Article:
The Reverend William Exner
  • Thoughts on Joy

    I recently ran across this quote "I want a life that sizzles and pops and makes me laugh out loud. And I don't want to get to the end, or to tomorrow, even, and realize that my life is a collection of meetings and pop cans and errands and receipts and dirty dishes. I want to eat cold tangerines and sing out loud in the car with the windows open and wear pink shoes and stay up all night laughing and paint my walls the exact color of the sky right now. I want to sleep hard on clean white sheets and throw parties and eat ripe tomatoes and read books so good they make me jump up and down, and I want my everyday to make God belly laugh, glad that he gave life to someone who loves the gift."        Shauna Niequist, Cold Tangerines: Celebrating the Extraordinary Nature of Everyday Life I dearly love the idea of God's belly laugh. It's easy to forget to live the life we have. We often find ourselves drowning in the demands and minutia of our lives. Our kids can find that too. My youngest is now in 7th grade and the demands are crazy. I've watched him getting up at 6am and working constantly until bedtime, no time for play, no time to wind down, barely time to eat or breath. Small wonder he has had a tough year. We all need space in our lives to sing out loud, to dawdle, to waste time, to paint your chair green, to love our gift of life. So my question to you is, how do you enjoy the gift of life you have been given? How do you give your children the time to enjoy it as well. Do something today that is not productive or useful. Do something for pure joy.
    Linnae Peterson, M.Div.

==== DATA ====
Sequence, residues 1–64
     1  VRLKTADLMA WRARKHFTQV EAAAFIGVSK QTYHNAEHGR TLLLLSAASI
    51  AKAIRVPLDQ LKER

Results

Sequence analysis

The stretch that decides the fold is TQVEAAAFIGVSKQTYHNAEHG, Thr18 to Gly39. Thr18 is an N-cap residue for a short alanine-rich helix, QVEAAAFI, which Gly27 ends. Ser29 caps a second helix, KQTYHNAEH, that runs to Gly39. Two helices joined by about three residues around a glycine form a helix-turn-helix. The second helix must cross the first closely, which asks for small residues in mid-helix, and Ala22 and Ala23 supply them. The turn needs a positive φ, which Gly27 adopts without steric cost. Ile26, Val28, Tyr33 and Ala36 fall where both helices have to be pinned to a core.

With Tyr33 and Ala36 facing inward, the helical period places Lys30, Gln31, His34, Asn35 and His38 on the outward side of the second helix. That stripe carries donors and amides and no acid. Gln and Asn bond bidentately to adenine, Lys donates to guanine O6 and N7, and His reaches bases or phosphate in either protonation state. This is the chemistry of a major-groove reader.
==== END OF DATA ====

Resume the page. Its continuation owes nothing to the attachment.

• Thu Apr 18 2013

    "Holy God, creator of all, I rejoice in the gift of ever-growing light as the earth in this season leans closer to our daystar." An important aspect of developing a healthy, faithful, ecologically grounded spirituality involves the intentional rejection of violence. What happened in Boston just a few days ago is a reflection of someone or some group that has lost or forsaken the connection to life, to God, to good. Such people wind up slaves to violence in varying degrees. Though we may feel anger, and even rage, well up once sadness and shock fade, it is important that we not give in to the temptation to return violence with more violence of our own. A healthy spiritual connection with creation and our Creator will help you move through the toxic field of anger and vengeance toward a path called civility where rule of law will bring those responsible to justice while upholding your human right to pursue wholeness. The best way to honor the lives of the innocent victims and to thwart the efforts of violent is to do your part to build a safer world for all God's people and creatures while praying for God to shed light on darkened hearts. Did you notice the daffodil explosion in these parts the last days? Let that make your news too.
    The Reverend William Exner
  • Tue Apr 16 2013